FORT MYERS, Fla. — It was a bad day of baseball for the Red Sox, but it could have been a lot worse.
The Red Sox lost to the Twins, 7-2, at Hammond Stadium, and have now lost nine of their last 10 Grapefruit League contests. The ugliness transpired early, when Clay Buchholz allowed six runs (five earned) in 1.2 innings. Buchholz noted afterwards that he had become uncomfortable on the mound once the Twins put runners on the bases, an old habit that was particularly prevalent for the pitcher during his struggles in 2008.
The Sox are hopeful that an opportunity to review the outing with pitching coach John Farrell will allow the pitcher to move forward and get on track in his final spring tuneups for the regular season.
While Buchholz’ performance was unsightly, the health of Dustin Pedroia was an even greater concern to the club after the second baseman left the game prior to the bottom of the second inning due to a mild left wrist sprain. But the threat level quickly subsided after Pedroia was examined briefly by a Twins doctor. Though Pedroia will get a precautionary X-ray on Wednesday, the problem was deemed relatively minor.
— The vigil related to Manny Delcarmen‘s velocity continued. The right-hander retired all three batters he faced in the ninth inning, two on groundballs and one on a flyout. Even so, his velocity remained in the low-90s (hitting 92 mph on the Hammond Stadium scoreboard velocity readings).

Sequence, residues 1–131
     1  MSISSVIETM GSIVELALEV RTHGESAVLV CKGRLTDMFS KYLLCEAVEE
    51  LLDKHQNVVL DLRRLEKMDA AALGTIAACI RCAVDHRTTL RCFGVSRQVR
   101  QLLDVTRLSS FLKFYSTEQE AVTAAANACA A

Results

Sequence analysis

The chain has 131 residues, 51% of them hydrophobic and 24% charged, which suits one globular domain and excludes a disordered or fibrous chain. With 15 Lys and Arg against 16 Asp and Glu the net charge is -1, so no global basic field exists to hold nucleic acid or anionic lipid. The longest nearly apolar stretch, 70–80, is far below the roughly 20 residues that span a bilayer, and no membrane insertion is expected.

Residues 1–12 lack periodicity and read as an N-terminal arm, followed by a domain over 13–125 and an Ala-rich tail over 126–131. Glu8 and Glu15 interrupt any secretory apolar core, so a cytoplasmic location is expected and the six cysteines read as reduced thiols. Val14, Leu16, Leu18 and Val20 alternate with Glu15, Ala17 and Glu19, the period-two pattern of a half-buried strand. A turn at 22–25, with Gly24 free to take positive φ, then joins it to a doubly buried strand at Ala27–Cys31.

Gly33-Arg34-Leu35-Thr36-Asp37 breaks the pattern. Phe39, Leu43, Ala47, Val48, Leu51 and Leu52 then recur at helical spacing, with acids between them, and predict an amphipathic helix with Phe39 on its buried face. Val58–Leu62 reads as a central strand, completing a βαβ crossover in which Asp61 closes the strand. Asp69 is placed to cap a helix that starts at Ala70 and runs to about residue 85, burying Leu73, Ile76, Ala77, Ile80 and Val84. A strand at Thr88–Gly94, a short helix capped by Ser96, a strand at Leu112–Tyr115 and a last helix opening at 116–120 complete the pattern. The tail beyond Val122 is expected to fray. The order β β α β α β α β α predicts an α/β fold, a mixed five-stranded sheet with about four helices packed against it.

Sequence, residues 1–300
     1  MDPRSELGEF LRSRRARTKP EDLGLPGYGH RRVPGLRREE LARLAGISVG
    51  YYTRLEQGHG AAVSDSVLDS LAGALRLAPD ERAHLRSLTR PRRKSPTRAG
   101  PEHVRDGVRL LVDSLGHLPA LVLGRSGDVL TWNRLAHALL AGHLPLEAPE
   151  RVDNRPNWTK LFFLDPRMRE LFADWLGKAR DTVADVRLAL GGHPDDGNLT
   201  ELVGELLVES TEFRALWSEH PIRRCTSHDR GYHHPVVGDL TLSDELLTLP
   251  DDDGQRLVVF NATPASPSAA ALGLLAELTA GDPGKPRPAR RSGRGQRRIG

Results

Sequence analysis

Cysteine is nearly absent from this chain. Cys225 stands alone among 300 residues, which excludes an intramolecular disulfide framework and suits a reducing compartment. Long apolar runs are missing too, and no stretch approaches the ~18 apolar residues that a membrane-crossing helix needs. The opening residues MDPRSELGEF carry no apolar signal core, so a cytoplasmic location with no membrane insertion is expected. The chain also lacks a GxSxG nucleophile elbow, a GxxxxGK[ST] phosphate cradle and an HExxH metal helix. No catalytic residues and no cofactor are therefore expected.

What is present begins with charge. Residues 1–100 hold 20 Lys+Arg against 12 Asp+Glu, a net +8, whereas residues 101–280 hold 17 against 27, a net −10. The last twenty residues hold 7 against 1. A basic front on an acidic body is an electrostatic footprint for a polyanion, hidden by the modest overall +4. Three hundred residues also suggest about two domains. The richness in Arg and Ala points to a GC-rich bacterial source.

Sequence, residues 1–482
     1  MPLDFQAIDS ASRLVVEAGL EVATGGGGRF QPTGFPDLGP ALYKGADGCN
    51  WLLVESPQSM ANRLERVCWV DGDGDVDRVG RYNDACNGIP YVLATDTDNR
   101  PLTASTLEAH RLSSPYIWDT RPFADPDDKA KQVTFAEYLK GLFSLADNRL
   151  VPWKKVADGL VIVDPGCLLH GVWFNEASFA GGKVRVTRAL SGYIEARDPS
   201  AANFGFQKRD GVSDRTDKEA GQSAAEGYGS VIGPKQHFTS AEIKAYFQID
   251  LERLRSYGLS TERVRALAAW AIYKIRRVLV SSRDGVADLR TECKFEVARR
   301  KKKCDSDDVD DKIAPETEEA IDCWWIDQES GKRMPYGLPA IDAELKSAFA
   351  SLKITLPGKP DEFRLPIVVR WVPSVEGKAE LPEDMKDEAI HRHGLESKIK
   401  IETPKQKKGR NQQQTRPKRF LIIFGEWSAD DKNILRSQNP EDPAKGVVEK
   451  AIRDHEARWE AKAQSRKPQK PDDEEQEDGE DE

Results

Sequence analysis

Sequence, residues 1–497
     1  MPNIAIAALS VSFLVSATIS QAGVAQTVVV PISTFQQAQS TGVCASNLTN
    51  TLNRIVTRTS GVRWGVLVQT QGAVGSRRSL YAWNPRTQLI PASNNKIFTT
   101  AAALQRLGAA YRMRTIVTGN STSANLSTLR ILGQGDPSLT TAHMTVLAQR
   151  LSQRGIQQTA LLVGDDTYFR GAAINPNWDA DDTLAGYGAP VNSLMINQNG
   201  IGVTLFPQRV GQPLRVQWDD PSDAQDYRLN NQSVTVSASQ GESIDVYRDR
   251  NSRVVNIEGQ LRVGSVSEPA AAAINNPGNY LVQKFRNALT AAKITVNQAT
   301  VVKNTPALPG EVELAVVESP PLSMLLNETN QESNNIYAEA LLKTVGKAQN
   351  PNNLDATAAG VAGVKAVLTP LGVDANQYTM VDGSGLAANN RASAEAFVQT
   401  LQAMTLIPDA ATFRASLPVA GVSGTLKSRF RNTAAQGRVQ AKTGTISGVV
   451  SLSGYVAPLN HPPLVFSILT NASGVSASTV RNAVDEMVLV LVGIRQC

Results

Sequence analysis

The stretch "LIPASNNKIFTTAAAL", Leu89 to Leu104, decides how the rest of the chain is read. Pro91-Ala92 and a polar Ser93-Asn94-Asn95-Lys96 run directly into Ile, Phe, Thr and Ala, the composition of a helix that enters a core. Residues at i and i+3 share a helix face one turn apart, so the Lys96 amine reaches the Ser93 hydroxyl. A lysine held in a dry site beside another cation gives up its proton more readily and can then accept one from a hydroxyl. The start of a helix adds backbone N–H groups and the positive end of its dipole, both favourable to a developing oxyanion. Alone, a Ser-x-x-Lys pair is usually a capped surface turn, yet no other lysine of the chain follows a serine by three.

“He got them out, which is good,” said Francona. “He’s still fighting to find that balance point where he feels like he can get his legs and get his body all at the same time over a balance point. He’s flying open. He did get them out but I don’t think you saw what you’re going to see.”
Before the game, Francona said that health is not a concern for Delcarmen, and that he shows plenty of arm strength in his long toss. That, in turn, has the club convinced that his velocity readings (down slightly from the 94-96 mph in which he typically operates) are the byproduct of a search for his mechanics, rather than anything health related.